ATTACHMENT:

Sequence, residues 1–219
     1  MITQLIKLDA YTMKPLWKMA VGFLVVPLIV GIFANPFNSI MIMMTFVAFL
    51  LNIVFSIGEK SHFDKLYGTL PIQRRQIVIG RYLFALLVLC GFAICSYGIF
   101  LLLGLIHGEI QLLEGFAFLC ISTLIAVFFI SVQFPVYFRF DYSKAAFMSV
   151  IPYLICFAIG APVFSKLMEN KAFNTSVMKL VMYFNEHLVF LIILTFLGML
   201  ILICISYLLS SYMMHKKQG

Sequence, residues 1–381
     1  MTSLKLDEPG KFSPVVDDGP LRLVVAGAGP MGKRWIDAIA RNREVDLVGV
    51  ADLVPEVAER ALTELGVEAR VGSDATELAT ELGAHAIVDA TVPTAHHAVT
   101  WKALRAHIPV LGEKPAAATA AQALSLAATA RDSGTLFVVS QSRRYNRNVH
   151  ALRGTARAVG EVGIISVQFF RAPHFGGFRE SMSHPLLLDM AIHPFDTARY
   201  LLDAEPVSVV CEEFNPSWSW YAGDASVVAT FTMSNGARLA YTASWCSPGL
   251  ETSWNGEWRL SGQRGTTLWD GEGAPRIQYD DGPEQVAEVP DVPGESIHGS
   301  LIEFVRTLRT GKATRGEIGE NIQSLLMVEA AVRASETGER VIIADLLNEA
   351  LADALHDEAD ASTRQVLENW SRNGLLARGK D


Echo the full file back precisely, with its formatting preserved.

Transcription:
Sequence, residues 1–219
     1  MITQLIKLDA YTMKPLWKMA VGFLVVPLIV GIFANPFNSI MIMMTFVAFL
    51  LNIVFSIGEK SHFDKLYGTL PIQRRQIVIG RYLFALLVLC GFAICSYGIF
   101  LLLGLIHGEI QLLEGFAFLC ISTLIAVFFI SVQFPVYFRF DYSKAAFMSV
   151  IPYLICFAIG APVFSKLMEN KAFNTSVMKL VMYFNEHLVF LIILTFLGML
   201  ILICISYLLS SYMMHKKQG

Sequence, residues 1–381
     1  MTSLKLDEPG KFSPVVDDGP LRLVVAGAGP MGKRWIDAIA RNREVDLVGV
    51  ADLVPEVAER ALTELGVEAR VGSDATELAT ELGAHAIVDA TVPTAHHAVT
   101  WKALRAHIPV LGEKPAAATA AQALSLAATA RDSGTLFVVS QSRRYNRNVH
   151  ALRGTARAVG EVGIISVQFF RAPHFGGFRE SMSHPLLLDM AIHPFDTARY
   201  LLDAEPVSVV CEEFNPSWSW YAGDASVVAT FTMSNGARLA YTASWCSPGL
   251  ETSWNGEWRL SGQRGTTLWD GEGAPRIQYD DGPEQVAEVP DVPGESIHGS
   301  LIEFVRTLRT GKATRGEIGE NIQSLLMVEA AVRASETGER VIIADLLNEA
   351  LADALHDEAD ASTRQVLENW SRNGLLARGK D